Absorbing nodes in a Markov chain are the possible end states. All nodes in Markov chain have an array of transitional probability to all other nodes and themselves. But, absorbing nodes have no transitional probability to any other node. Hence, if any individual lands up to this state, he will stick to this node for ever. Let’s take a simple example. We are making a Markov chain for a bill which is being passed in parliament house. It has a sequence of steps to follow, but the end states are always either it becomes a law or it is scrapped. These two are said to be absorbing nodes. For the loans example, bad loans and paid up loans are end states and hence absorbing nodes.

 

Transition diagram 

You have done a thorough research on past trends of loan cycle and based on past trends here is the Markov chain you observed (for a period of 1 year):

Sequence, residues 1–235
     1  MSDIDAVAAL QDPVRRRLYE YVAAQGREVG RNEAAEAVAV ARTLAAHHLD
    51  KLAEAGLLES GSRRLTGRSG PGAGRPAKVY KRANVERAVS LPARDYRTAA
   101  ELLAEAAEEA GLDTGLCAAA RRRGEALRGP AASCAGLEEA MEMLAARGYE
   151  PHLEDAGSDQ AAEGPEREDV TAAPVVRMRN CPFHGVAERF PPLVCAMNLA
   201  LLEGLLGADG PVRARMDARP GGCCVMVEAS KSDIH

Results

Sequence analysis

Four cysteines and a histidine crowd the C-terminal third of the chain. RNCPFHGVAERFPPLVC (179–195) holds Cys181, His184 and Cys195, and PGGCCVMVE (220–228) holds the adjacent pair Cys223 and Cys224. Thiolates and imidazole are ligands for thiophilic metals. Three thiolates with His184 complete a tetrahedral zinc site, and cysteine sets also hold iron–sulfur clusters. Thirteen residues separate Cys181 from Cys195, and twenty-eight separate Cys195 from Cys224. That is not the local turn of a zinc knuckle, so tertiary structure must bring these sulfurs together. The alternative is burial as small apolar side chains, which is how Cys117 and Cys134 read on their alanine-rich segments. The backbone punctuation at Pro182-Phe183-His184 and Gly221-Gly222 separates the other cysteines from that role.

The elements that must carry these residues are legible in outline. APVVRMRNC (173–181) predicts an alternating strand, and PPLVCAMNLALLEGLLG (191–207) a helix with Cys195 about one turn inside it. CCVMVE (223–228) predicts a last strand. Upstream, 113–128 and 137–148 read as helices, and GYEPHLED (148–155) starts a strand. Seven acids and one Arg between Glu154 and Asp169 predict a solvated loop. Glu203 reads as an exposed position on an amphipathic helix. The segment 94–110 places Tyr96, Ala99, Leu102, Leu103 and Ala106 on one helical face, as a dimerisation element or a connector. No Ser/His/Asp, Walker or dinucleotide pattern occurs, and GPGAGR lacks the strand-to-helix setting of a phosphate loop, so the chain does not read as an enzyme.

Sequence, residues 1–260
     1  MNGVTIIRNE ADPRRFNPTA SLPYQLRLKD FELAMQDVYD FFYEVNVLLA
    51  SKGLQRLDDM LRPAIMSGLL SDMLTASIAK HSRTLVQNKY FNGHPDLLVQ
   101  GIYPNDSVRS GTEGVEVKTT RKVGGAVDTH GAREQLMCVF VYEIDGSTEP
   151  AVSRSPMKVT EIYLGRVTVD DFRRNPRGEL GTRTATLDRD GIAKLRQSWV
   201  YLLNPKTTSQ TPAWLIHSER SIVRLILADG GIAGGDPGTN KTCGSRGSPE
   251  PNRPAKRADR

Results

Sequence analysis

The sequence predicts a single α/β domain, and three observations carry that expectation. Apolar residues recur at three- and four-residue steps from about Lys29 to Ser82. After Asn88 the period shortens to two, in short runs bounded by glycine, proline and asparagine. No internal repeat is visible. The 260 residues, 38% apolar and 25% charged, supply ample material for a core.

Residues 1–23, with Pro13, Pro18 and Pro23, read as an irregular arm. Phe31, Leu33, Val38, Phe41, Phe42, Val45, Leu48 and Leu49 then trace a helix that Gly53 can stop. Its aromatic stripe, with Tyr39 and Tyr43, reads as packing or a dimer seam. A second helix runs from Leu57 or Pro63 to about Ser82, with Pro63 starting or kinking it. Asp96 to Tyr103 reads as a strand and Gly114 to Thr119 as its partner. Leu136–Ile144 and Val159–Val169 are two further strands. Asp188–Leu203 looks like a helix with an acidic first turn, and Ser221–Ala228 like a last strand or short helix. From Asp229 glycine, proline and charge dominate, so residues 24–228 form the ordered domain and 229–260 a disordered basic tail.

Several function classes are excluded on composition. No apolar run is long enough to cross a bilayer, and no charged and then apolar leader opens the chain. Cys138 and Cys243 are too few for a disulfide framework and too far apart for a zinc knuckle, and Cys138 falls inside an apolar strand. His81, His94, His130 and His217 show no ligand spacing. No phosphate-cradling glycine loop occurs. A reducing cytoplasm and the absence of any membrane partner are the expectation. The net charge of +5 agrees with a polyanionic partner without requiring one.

cycle

Explaining absorbing nodes becomes simple from this diagram. As you can see, Paid up and bad loans transition only to themselves. Hence, whatever path a process takes, if it lands up to one of these two states, it will stay there for ever. In other words, a bad loan cannot become paid up, risky or good loan ever after. Same is true with paid up loans.

Transition calculations 

Once, we have  1 year transition probability, we can convert prediction algorithm to simple matrix multiplication. Currently the portfolio has 60% Good and 40% Risky loans. We look forward to calculate, how many of these loans will be finally paid up in full? Using 1 year transition probability, we can estimate the number of loans falling into each of the four bucket 1 year down the line.

trans3